Earlier today Sky unveiled “Sky Q” a new, premium product that’s got Twitter and the tech world talking. Sky describes Sky Q as “a whole new way of watching TV” but, beyond the headlines, what does this actually mean and why should anyone be excited?
What is it?
At its most basic, Sky Q is a next generation Sky+ box with a slick, modern UI and up to 1 to 2TB of storage housed in a sleeker, smaller unit. However, the real upgrade comes once you think “outside of the box” as it has the ability to stream live, on-demand and recorded content to various other devices (including tablets and the new “Sky Q mini”) around the home, picking things up where you left off in a different room if necessary. You’ll also be able to download recordings to your tablet and take them with you, a simple but very welcome feature that’s been on my wish list for years and was apparently the “number one requested feature from customers”.
The level of flexibility Sky have built into this system is pretty impressive so the whole family should be able to watch what they want, where they want (especially with the top of the line Sky Q Silver box which adds more storage, more tuners and can stream to more Sky Q mini devices). Click here to see it yourself:
Sounds good, what else can it do?
A hell of a lot, actually. Sky appear to have taken a peak at my wish list and tried to deliver it all in one package. Although the pre-launch teaser was all about #SetTVFree, it’s actually making a wider play to be your home’s “entertainment hub”. So, as well as the TV streaming, the system will be able to play your music and display photos via Bluetooth and Apple’s Airplay and stream these around the house to your other Sky Q devices. Those devices will also send your broadband signal through your home power network and act as mini wifi hotspots. Finally, Sky are promising additional new functionality is coming down the line. Could this be the one box to rule them all? If Sky gets this right, Sonos, Netgear and others should be watching this very carefully.
Will it make me breakfast?
Sadly not. Nor can it be controlled with your mind or beam holograms directly onto your eyeballs (which is actually not as far off as you might think). But beyond that there is very little it won’t do. The biggest grumble from this morning seems to have been about the failure to announce any 4k/UHD content. That said, Sky did confirm that Sky Q is UHD ready and that content is coming soon in 2016. Speaking of “coming soon”, it’s a phrase that came up a lot this morning with voice control, Sky Q apps (for tablet and mobile), and third party apps (that run the platform and can be snapped while watching TV, like on the Xbox One) were also described in this way. Whether a sign of a rushed announcement or technical difficulties it’s a shame to hear that not everything will be ready for launch but hopefully it won’t be long before these aspects find their way into homes.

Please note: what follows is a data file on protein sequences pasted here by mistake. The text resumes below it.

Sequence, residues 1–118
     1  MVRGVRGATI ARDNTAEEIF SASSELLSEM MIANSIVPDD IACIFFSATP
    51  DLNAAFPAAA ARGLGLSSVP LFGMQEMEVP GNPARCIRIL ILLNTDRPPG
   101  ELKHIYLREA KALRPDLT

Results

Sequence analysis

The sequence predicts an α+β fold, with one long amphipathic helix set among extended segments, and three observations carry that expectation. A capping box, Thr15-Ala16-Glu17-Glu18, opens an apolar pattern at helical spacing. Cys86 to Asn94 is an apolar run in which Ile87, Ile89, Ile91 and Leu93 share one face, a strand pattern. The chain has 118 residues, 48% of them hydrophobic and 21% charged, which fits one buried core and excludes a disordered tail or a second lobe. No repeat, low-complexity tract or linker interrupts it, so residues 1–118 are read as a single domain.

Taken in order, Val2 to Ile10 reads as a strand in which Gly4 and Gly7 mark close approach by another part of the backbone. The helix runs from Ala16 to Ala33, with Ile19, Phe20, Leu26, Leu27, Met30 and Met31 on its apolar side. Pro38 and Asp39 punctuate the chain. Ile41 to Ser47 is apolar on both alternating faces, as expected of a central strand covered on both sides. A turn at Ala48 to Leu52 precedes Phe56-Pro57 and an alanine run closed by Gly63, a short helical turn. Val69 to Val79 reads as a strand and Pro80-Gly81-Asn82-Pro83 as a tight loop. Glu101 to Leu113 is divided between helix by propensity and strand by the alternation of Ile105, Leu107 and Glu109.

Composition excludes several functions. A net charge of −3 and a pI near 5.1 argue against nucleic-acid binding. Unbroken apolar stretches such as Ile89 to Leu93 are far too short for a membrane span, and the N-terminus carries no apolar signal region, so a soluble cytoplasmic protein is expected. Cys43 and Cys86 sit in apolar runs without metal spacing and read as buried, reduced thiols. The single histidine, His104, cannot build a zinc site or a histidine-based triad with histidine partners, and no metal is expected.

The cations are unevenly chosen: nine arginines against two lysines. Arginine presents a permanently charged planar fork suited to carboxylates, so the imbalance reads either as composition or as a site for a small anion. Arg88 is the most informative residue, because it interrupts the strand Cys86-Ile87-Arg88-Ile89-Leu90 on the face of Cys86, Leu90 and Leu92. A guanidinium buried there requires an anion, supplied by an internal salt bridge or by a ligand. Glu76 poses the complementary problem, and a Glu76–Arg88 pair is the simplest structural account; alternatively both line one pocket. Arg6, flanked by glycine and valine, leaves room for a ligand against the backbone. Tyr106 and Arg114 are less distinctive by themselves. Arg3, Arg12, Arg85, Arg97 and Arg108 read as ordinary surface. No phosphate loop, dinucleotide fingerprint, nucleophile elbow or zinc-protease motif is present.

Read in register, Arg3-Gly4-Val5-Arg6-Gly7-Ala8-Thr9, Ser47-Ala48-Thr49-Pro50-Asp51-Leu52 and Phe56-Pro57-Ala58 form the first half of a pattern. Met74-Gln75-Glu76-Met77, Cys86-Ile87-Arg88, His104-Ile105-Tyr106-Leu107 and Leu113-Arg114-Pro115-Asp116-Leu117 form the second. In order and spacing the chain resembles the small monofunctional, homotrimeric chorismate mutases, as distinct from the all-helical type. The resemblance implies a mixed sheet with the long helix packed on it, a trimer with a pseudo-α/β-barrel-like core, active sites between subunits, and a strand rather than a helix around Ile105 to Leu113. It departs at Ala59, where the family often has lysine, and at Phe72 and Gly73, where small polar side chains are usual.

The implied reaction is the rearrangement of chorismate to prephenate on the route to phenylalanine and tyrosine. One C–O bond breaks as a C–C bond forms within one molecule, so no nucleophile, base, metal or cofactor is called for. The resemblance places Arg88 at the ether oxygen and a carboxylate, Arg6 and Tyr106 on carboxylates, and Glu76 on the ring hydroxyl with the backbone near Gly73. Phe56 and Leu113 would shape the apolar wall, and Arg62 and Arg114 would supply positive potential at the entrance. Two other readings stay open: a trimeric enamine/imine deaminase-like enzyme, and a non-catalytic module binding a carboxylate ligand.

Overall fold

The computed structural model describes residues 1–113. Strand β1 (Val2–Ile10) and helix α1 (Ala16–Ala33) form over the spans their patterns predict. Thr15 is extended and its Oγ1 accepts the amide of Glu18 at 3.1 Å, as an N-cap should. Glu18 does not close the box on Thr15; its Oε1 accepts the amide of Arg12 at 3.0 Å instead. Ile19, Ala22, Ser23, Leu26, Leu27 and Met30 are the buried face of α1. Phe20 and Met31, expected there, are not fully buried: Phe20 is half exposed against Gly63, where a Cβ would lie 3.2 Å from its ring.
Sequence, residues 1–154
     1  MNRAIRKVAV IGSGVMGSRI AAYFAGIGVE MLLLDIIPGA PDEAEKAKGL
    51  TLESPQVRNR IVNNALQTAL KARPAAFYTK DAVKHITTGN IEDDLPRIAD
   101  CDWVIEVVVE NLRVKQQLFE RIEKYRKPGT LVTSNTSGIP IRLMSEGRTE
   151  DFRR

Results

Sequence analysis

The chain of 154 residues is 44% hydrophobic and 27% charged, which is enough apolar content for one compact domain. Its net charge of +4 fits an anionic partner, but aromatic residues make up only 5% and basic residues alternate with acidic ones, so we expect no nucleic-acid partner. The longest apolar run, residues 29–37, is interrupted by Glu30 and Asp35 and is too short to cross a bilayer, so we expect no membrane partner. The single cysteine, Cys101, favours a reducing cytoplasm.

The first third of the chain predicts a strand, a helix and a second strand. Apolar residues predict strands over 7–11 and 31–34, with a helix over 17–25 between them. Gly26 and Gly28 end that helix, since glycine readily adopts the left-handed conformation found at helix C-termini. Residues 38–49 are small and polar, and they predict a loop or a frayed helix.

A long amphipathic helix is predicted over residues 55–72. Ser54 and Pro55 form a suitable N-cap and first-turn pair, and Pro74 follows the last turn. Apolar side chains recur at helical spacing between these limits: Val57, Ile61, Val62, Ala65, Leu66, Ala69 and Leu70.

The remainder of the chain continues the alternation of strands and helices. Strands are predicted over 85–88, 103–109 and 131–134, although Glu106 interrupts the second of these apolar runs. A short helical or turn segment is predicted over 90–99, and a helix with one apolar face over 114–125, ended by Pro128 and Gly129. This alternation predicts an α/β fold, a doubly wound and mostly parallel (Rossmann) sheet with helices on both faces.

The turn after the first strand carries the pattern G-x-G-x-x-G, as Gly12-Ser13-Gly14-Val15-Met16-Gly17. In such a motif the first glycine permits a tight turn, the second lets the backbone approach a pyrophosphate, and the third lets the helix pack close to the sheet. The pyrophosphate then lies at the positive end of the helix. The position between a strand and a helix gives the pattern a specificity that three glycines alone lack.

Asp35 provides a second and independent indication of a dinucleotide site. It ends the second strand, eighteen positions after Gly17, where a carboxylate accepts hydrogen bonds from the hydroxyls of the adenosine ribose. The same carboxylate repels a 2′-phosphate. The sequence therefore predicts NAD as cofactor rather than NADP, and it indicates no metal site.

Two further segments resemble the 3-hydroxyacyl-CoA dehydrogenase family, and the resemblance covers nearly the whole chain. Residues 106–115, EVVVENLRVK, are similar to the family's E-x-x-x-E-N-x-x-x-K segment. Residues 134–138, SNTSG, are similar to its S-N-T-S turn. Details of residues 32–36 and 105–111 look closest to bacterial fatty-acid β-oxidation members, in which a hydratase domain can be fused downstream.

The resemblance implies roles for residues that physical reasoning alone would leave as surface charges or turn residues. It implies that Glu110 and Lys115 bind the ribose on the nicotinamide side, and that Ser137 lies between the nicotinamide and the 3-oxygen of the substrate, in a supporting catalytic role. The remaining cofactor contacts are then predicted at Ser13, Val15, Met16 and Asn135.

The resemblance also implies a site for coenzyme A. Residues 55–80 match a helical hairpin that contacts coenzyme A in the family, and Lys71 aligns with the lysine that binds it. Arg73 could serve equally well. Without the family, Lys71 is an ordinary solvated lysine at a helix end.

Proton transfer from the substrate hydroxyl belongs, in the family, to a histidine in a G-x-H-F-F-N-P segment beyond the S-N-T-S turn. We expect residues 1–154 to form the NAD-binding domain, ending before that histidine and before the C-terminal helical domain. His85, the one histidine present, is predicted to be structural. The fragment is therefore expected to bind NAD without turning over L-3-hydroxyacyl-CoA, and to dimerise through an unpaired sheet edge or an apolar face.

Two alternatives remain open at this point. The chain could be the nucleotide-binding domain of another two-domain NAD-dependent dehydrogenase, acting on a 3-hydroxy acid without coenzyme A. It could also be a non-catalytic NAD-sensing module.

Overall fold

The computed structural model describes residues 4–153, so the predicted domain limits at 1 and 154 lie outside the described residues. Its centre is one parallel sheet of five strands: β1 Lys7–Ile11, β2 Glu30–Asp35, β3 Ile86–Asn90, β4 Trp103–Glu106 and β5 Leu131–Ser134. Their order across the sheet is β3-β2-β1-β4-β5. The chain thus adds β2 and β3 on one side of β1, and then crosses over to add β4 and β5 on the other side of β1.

Aside from those, the one element I found conspicuous by its absence was games. Launching a system that acts as your hub for TV, music, photos could put Sky on a collision course with Microsoft, Sony (who have both moved heavily into this area via their consoles) and to a lesser extent Apple. Against these companies, the lack of gaming is a potential downside but it’s also fight I can’t see Sky winning so I think it’s wise they avoided it. However, for people like me, that leaves Sky Q in an interesting place where it does nearly but not quite everything I want. For now, it looks like I’ll still need two boxes under the TV.
What don’t we know?
Well, the first and most crucial thing is price. This morning’s launch said nothing about price but signalled that it would be expensive, sorry “premium” J While I’m sure many will baulk at it, I’d still expect the system to offer a good “value proposition” when you take all the functionality into account compared to individual competitors. Although early adopters will probably be gadget lovers who have some of that kit already, I have no doubt that they will be prepared to pay for the best and to declutter and unify their houses under one system. The challenge will be for Sky to convince the mainstream that they want and are prepared to pay for all of this new functionality.
Other than price, most of my outstanding questions are on the small but important details. Although the promise is to “set TV free”, Sky’s recent system of whitelists (on Android), device limits and DRM make me anxious that the reality will be something different. We don’t currently know what platforms and devices will be compatible (please Sky, we need you to have learnt on this) or how things like taking recorded content with you will work in practice. Time limits? Geographical restrictions? Network validation? They don’t make for a good announcement but these are all things that could spoil the party down the line.
Last but not least, we are also missing a launch date with Sky only committing to “early 2016” at this point. I expect we’ll hear more on this and pricing fairly shortly but it leaves potential customers in a strange position going into Christmas and the New Year. With such a radical improvement around the corner and no word on pricing, I suspect many people will hold off as long as they can before committing to a new contract with Sky or a rival supplier. Selfishly though, I really hope they get on with it, I move house in January so the clock is most definitely ticking!
Coming soon: What does this mean for Virgin Media? Is this the saviour of linear TV? Head back on Friday for my thoughts on these questions and more